Home1901 CensusInformation From Schedule 1

Information From Schedule 1

Schedule 1: Nominal Return of the Living

The 1901 Census of Canada provides a rich source of information on the size and characteristics of the historical Métis population in the post-1870 era. The 1901 Census data represented in the Historical Online Database has been derived from microfilmed copies of the 1901 Census “Schedule 1,” also referred to as the Nominal Return of the Living, which lists each person individually by name and provides details as to age, sex, place of birth, etc. (“Schedule 2” pertains to housing and building information). Usually, the head of the family or household was listed first and family members and other relations were listed thereafter. Each family or household was given dwelling and family numbers, which were then numbered consecutively throughout the sub-district.

For the purpose of this database, information from Schedule 1 documents was entered into Microsoft Excel spreadsheets, verified for accuracy, and then uploaded to the Historical Online Database. As more than one version of Schedule 1 was used for the 1901 Census enumeration, researchers created and entered data into specialised spreadsheet templates that have been customised according to which version of Schedule 1 was used by the Census enumerators in a particular area.

The 1901 Census data available in the Online Database only represents individuals whose “Racial or Tribal Origin” was listed as “Breed” or “Red” (off reserve) and/or the families (including domestics, lodgers, and borders) of these individuals.[1] Enumerators were instructed to identify not only a person’s “race” but, in the case of Aboriginal people, also their particular tribal and/or national affiliation. An excerpt of the original 1901 Census instructions pertaining to Schedule 1 provides insights into inter-racial or inter-cultural marriages:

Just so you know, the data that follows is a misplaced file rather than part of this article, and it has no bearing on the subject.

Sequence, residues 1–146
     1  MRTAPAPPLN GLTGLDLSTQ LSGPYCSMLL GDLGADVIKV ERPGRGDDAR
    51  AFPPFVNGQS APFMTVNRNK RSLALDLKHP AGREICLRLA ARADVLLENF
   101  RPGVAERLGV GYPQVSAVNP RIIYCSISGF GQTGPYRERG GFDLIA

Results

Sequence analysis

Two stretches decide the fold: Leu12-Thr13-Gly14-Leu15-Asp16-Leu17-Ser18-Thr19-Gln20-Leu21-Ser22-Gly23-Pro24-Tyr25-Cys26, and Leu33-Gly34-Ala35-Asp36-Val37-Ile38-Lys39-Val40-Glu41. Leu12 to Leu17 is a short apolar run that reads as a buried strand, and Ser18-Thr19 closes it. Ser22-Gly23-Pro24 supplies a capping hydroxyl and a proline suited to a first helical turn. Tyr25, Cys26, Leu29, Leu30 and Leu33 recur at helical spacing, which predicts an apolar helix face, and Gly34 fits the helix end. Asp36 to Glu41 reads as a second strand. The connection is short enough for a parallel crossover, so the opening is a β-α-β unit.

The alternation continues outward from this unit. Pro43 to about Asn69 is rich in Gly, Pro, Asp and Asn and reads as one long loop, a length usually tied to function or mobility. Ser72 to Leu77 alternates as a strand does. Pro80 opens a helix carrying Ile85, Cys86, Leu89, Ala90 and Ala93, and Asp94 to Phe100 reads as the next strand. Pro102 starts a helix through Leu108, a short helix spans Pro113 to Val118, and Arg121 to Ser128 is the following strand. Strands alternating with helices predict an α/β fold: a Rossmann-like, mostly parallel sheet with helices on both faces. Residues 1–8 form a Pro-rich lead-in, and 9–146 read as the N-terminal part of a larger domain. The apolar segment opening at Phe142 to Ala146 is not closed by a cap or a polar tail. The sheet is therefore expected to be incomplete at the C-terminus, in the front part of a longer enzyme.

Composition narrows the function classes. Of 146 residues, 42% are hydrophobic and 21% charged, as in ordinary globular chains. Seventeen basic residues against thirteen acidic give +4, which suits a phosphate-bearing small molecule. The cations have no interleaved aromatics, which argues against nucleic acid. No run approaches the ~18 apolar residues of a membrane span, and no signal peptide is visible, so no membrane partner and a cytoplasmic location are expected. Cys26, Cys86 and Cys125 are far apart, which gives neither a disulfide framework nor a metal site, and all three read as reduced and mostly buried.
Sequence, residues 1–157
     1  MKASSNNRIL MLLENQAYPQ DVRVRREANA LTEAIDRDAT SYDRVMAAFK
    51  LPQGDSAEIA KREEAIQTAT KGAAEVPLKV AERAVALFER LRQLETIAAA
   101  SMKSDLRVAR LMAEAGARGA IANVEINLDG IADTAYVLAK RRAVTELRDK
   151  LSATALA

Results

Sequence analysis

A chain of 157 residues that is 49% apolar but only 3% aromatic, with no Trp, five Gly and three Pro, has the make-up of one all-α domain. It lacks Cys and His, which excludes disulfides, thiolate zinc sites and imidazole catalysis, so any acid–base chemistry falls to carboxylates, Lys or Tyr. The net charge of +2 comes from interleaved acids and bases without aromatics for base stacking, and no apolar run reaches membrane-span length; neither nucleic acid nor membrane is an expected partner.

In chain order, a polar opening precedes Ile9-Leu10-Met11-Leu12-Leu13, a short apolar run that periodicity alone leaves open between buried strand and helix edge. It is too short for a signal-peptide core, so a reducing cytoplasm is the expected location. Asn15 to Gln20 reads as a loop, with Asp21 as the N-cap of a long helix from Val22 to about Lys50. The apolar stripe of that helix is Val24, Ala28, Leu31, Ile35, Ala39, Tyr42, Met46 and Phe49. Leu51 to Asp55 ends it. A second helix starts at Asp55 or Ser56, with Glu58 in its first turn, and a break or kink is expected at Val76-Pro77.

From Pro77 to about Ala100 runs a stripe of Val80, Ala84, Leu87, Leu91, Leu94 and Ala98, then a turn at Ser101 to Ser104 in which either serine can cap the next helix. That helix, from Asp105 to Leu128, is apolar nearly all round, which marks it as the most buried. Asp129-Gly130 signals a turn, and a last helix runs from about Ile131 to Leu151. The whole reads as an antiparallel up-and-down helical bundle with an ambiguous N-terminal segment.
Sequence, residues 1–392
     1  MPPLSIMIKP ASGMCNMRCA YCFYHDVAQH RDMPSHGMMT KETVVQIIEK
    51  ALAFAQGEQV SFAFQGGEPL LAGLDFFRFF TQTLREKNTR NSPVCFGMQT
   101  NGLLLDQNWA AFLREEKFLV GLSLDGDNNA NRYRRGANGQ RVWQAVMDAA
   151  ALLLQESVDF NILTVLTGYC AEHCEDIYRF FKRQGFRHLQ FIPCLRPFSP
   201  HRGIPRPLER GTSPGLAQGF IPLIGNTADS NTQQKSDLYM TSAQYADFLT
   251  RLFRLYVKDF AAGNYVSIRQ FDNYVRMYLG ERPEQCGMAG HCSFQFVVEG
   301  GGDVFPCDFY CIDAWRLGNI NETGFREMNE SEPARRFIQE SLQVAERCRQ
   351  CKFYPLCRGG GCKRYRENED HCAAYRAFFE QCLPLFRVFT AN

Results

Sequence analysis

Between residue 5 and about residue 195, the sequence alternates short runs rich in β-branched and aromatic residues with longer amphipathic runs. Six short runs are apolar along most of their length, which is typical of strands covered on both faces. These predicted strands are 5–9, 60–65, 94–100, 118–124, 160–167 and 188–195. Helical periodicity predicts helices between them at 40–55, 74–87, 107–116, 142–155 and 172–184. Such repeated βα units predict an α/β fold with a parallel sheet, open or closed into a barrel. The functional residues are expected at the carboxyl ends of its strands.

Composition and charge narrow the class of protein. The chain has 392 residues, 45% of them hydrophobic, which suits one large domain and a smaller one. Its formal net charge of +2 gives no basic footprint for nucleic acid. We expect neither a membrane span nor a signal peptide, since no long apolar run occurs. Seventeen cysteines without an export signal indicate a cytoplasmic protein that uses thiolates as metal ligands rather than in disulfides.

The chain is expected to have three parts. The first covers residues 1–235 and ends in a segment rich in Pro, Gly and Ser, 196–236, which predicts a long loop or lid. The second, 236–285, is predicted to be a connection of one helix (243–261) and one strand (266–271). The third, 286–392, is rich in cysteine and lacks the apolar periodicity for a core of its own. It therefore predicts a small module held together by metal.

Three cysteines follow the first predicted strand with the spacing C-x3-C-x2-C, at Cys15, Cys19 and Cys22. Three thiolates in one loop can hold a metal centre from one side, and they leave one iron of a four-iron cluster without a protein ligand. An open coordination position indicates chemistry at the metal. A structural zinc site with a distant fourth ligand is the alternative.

"Among whites the racial or tribal origin is traced through the father, as in English, Scotch, Irish, Welsh, French, German, Italian, Scandinavian, etc. Care must be taken, however, not to apply the terms “American” or “Canadian” in a racial sense, as there are no races of men so called. “Japanese,” “Chinese” and “negro” are proper racial terms; but in the case of Indians the names of their tribes should be given, as “Chippewa,” “Cree,” etc. Persons of mixed white and red blood – commonly known as “breeds” – will be described by addition of the initial letters “f.b.” for French breed, “e.b.” for English breed, “s.b.” for Scotch breed and “i.b.” for Irish breed. For example: “Cree f.b.” denotes that the person is racially a mixture of Cree and French; and “Chippewa s.b.” denotes that the person is Chippewa and Scotch. Other mixtures of Indians besides the four above specified are rare, and may be described by the letters “o.b.” for other breed. If several races are combined with the red, such as English and Scotch, Irish and French, or any others, they should also be described by the initials “o.b.” A person whose father is English, but whose mother is Scotch, Irish, French, or any other race, will be ranked as English, and so with any others – the line of descent being traced through the father in the white races."[2]

As much as possible, researchers entering the data found on the Historical Online Database have endeavoured to maintain the original terminology of the 1901 Census. However, users of this data should be aware that historical meanings of words do not necessarily apply to their present-day context.

Example of a Schedule 1 Document:

1901 Census Return Schedule A, Sault St. Marie Town

[1901 Census Return Schedule 1, Sault St. Marie Town. SOURCE: LAC RG 31, Microfilm Reel T-6457.]

[1] The exception to this was if the majority of people within a small community were listed as “Breed” or “red,” in which case the entire community was captured.

[2] Census of Canada: 1901, vol. 1, p. xviii.